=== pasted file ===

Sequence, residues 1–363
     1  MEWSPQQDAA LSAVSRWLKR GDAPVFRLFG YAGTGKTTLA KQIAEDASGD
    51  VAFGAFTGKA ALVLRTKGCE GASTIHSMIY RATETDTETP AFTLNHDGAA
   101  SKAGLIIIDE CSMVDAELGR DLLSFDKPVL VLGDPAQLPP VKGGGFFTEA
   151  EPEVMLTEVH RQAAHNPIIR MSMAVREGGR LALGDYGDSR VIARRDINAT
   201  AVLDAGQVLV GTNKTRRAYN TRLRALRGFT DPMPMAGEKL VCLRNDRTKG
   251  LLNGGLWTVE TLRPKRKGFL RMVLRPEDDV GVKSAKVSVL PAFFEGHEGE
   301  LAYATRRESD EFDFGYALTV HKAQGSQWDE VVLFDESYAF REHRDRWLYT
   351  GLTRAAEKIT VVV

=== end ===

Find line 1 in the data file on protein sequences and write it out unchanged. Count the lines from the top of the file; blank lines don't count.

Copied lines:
Sequence, residues 1–363